Success Story: Kirk Myers
He thought he had mono. He was wrong, but going to the ER saved his life—in more ways than one
Hometown: Kansas City, Mo.
Weight Before: 297 lbs
Weight After: 172 lbs
Growing up, Kirk Myers lived with the nickname "Chunk." The shy teen was nearly 300 pounds, had few friends, and spent most of his free time alone in his bedroom. He did use his size to earn a place on the high school football team—but he still never really fit in, struggling to keep up with his teammates in games and practices. "I would always throw up," Myers remembers. "After we finished a game, I'd lie down and pretty much pass out."
But the emotional toll he was suffering may have been even worse than the physical one. "I was unhappy a lot," he says. "I didn't feel good about myself."
Myers turned to high-calorie junk food in an attempt to improve his mood. In addition to regular fast-food runs and a steady supply of cookies and candy bars, he had a serious taste for chocolate milk, pounding up to two gallons every day.
Those bad habits followed Myers to college at the University of of Missouri, and they might have done him in were it not for a medical scare during his sophomore year. Convinced his lethargy and lack of energy was the result of mononucleosis, his stepmother drove him to the local ER. "The doctors did a chest X-ray and saw my heart was enlarged," Myers says. He was told he had congestive heart failure and was immediately sent to the ICU, He was 21.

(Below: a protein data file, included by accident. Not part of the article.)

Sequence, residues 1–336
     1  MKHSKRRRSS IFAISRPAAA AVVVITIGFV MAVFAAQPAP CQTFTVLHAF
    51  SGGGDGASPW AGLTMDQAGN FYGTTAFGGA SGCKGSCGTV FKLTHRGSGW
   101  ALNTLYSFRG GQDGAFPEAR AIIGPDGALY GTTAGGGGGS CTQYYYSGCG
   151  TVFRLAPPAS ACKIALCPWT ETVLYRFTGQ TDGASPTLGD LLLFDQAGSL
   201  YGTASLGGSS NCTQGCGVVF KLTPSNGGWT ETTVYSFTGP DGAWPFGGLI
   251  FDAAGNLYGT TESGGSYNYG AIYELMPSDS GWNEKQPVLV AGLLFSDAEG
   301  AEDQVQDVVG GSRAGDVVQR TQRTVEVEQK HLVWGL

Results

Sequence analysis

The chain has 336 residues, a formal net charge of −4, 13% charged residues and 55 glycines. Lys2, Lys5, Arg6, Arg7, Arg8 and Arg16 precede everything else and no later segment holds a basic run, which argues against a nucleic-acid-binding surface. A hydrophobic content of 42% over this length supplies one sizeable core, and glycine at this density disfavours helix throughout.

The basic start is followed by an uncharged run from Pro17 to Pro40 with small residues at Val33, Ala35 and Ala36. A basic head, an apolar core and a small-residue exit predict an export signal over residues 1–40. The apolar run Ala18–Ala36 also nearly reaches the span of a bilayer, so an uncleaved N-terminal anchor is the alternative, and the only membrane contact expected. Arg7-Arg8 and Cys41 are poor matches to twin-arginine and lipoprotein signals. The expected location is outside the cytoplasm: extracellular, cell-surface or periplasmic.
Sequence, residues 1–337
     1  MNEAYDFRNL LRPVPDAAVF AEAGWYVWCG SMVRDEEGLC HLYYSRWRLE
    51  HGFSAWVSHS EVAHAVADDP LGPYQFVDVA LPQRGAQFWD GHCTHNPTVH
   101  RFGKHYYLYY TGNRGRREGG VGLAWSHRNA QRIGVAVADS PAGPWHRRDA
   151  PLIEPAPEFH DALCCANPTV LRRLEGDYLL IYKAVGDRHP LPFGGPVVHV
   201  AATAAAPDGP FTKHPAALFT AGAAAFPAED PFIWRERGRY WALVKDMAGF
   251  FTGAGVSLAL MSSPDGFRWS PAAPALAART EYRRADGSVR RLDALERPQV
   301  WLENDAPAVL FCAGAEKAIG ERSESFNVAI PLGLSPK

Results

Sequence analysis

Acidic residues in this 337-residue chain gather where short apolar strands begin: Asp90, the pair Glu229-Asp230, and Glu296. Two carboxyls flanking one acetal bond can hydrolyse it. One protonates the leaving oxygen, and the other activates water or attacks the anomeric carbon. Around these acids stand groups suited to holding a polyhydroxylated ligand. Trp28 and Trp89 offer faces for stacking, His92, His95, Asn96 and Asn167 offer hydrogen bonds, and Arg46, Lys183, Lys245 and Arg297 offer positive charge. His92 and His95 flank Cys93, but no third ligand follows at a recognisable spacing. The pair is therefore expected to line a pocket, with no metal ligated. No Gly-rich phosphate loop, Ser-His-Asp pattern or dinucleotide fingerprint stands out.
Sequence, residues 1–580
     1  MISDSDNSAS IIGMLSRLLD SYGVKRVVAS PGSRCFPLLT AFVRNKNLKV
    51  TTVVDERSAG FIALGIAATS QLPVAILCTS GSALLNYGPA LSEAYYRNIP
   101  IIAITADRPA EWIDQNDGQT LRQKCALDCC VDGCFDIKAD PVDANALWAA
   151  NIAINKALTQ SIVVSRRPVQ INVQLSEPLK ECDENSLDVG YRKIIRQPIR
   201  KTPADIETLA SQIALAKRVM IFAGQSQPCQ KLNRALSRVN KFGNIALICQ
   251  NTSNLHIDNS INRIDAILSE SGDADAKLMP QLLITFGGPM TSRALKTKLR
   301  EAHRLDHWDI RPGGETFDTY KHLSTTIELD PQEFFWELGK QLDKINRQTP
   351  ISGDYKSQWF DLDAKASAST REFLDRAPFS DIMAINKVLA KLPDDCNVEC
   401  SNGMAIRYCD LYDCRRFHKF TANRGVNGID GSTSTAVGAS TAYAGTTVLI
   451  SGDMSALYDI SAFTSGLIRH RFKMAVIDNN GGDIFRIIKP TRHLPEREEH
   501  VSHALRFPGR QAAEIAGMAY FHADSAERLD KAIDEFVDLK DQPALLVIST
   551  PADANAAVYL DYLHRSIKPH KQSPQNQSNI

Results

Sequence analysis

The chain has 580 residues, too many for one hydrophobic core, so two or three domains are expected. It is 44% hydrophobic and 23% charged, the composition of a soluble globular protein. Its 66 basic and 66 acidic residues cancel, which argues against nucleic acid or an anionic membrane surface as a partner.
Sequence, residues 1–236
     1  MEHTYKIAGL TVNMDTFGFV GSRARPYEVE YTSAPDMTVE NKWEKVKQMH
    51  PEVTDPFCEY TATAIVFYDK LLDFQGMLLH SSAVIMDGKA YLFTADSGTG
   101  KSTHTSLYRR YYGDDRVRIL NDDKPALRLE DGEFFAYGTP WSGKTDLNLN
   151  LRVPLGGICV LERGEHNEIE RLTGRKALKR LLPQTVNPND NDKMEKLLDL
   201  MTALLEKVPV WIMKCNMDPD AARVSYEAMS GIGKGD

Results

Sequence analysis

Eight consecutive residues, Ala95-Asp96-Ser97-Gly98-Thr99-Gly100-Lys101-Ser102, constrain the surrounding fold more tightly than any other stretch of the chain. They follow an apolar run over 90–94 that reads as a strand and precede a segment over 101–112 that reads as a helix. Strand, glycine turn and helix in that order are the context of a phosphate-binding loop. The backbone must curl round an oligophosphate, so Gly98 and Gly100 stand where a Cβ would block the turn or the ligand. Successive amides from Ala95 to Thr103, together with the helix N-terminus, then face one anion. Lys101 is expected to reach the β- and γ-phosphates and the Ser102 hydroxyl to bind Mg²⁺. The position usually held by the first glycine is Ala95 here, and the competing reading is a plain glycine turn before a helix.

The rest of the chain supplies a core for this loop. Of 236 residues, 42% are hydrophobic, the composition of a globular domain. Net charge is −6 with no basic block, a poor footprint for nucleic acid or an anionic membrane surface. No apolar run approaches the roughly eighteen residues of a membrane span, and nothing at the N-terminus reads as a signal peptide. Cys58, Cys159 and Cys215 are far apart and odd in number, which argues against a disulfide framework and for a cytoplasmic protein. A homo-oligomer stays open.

It took nine prescriptions and two years of hard work, but Myers slowly changed his lifestyle. Junk food was the first to go; doctors ordered him to load up on green vegetables and avoid sodium and extra sugars. He began with oatmeal and almonds for breakfast, and introduced eggs, chicken, spinach, and protein shakes into his daily meals.
Along with his new diet came new energy, so Myers started taking daily walks. He was soon in the gym, where he worked two body parts a day, four days a week. Each workout included an hour on the treadmill at a low speed and high incline. "As I got in better shape, I gained confidence and pushed harder."
A decade later, Myers has lost 125 pounds and kept it off. He's earned a degree, moved to NYC, and—having learned so much from his own experience with getting fit—became a personal trainer. (One of his first clients was a man whom he helped to lose 85 pounds in six months.) At 172 pounds, Myers is also proud to be in the best shape of his life. "I'm the happiest and healthiest I've ever been," he says. "I'm truly living my dream."
Kirk's Tip: Never Give Up
"It's all about preparation. I didn't leave myself many options in the fridge, so if I wanted a candy bar, I had to get up and go to the store to get it. Instead, I always have good food around me, whether it's at work, at school, in the gym or wherever."